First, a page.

Hunting For The One? Your One.
Not that easy.
Hey there 👋 I’m Mathilde. We are Objet. We explore the intersection of consumerism, myth, satisfaction, desire, taste, joy, meaning and pride. Not specifically in that order. To brag at your next dinner, Objet is the french word for 'object' and should be pronounced 'OB-JEH'.
I hope you’re having a beautiful day. If you’re new here, welcome ! Here’s what we are going to cover today:
Our mission 👉 Wait, what are they onto again?
This week 👉 Hunting For The One? Your One
Soul of an Objet 👉 Kristen’s Vintage Coach Purse
What’s up on the app 👉 Bounties : collective help on your next hunt
Cool reads 👉 Cause you know, it’s always cool to read cool stuff
Our mission is to help people thrive at not regretting their purchases anymore, to be at peace with their surroundings. We are here to bring back friction and empowerment at a time they almost disappeared.
The whole relationship with our objects is rotten: from hijacked desires, to suspicious recommendations, from insipid binge-buying to disposable ‘stuff’ and a get-rid-off paralysis.
We want to bring back joy and pride. And liberate you from all the noise.
This week | Hunting For The One? Your One.
I ain’t talking about your life partner. Yeah sorry. Rather about this object that matches your current quest. The one you are willing to wait for. The one you’d rather associate with a cool, meaningful story.
Let’s face it. Who is naturally inclined to give you radically honest recommendations?
Shop vendors will sell their mother to have you stop by the cashier on your way out; online ‘curators’ with their affiliated links are somehow no different. Their -even expert- insights are biased by incentives to sell you something at all cost. How many times have I heard ‘this look SO great on you!’ while the inner me was like ‘Is she seriously talking to me right now?!’
And online ratings? Haha, well good luck navigating between haters, people who’ve had this product for just two days and are still on dopamine kick, and the 3.5-star rule.
All you’d need is someone to sometimes tell you: “nope, DON’T BUY, I am dead serious“. Other times, that someone who’d also step in with hand-picked selections that’d blow your mind. A personal shopper who’d know you perfectly, which sole and unique motivation would be that you’re content, proud, at peace, forever.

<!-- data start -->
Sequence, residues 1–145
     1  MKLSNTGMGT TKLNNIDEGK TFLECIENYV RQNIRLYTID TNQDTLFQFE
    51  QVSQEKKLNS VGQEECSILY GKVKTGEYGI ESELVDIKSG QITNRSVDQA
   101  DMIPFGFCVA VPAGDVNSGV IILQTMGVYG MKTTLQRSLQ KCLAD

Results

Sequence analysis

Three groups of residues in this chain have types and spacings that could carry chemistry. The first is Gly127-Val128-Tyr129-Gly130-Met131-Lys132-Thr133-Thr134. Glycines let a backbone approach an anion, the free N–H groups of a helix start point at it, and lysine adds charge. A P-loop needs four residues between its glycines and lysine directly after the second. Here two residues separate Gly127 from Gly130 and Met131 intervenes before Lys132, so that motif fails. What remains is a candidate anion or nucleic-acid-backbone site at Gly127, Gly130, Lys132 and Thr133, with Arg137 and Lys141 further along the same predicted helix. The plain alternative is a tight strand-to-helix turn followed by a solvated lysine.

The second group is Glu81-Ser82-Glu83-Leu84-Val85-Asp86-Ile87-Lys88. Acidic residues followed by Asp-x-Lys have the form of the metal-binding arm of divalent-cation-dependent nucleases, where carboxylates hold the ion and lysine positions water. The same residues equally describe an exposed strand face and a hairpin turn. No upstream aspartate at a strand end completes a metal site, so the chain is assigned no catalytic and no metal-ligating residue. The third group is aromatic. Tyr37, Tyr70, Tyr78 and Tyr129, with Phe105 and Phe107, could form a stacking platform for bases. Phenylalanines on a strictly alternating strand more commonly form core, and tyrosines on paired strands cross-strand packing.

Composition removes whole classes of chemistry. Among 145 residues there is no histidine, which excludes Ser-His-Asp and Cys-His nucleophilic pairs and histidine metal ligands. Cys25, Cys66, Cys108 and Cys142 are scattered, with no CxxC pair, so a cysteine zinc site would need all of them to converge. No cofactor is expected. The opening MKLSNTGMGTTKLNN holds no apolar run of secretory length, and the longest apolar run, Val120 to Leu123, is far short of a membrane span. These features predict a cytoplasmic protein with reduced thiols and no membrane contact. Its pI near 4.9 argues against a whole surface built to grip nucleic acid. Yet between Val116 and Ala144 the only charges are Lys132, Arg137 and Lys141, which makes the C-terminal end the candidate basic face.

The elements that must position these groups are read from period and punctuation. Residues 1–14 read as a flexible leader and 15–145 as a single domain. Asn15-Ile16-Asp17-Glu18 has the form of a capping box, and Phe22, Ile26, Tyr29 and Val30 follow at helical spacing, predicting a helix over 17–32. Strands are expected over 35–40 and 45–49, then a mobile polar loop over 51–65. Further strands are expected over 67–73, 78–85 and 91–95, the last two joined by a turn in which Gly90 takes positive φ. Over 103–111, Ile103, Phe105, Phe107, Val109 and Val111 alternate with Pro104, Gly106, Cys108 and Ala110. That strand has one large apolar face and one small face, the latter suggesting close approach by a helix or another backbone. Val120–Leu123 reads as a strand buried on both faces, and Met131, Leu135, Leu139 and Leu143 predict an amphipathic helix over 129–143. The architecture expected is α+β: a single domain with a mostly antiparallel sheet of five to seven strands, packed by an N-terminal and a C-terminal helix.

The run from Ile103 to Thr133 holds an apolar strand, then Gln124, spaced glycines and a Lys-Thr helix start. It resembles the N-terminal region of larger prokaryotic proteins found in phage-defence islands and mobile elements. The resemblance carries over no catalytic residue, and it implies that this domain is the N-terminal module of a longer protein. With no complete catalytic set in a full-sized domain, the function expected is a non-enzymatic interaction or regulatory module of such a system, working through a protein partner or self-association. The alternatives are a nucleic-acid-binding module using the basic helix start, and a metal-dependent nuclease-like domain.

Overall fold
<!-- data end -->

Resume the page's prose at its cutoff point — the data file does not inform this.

Who’s that? ☎️
What if this person was a collective? We believe there is a very special kind of intelligence in the collective. Spaces like r/BuyItForLife are an inspiration.
Call it good karma if you wish. Just like when this dad stops you at a traffic light to ask you what are these kid covers on your bike and whether you’d recommend them. Take it as a free opportunity to speak the truth. No oversell, no bullshit, no transaction involved. There is nothing for you to win nor lose. Experiencing humanity at its core.
“People have vastly different desires, except for three things: Respect, feeling useful, and control over their time. Those are nearly universal.” Morgan Housel
Set up your expectations
First, good insights do not necessarily end up on a purchase. Sometimes you’re just better off waiting.
Second, good insights will tell you what sucks about that potential option, too. Maybe there won’t be any option close to perfect. With that knowledge, tradeoffs will be yours to make.
Soul of an Objet | Kristen Pavle
Social tech researcher & human connector Kristen shares the backstory of her vintage Coach purse.
Tell us, what's the backstory of this object?
I bought this vintage Coach purse on Etsy after looking for a perfect, small, black purse for a couple years. I needed a replacement for a small, black purse I'd bought when I was in my early 20s in Chicago at Urban Outfitters. I remember going to buy it--I was on the hunt for something easy to wear, and small, so I could bring it to the Pitchfork Music Festival, an annual event in Union Park, Chicago. I had just moved to a new neighborhood in the city, and had new roommates who became friends. We had a big social group and we were all going to the festival. It's one of my core memories of being young and free. I could fit the basics in my little purse to last me the few days outside listening to music.
What I didn't know is this purse would be my go-to for pretty much all outings. Going out for dinner, running an errand, live music, trip to the park... anywhere I was going, I was using my little black purse. I've had other little black purses during the last 10+ years, but this was my favorite. And when I nomaded in a car across the U.S. for almost 2 years, it was of course my purse of choice. The thing is, when you use a purse so often, for so many years, it starts to wear out. And it wasn't exactly high-end, so when it wore out, it literally started falling apart.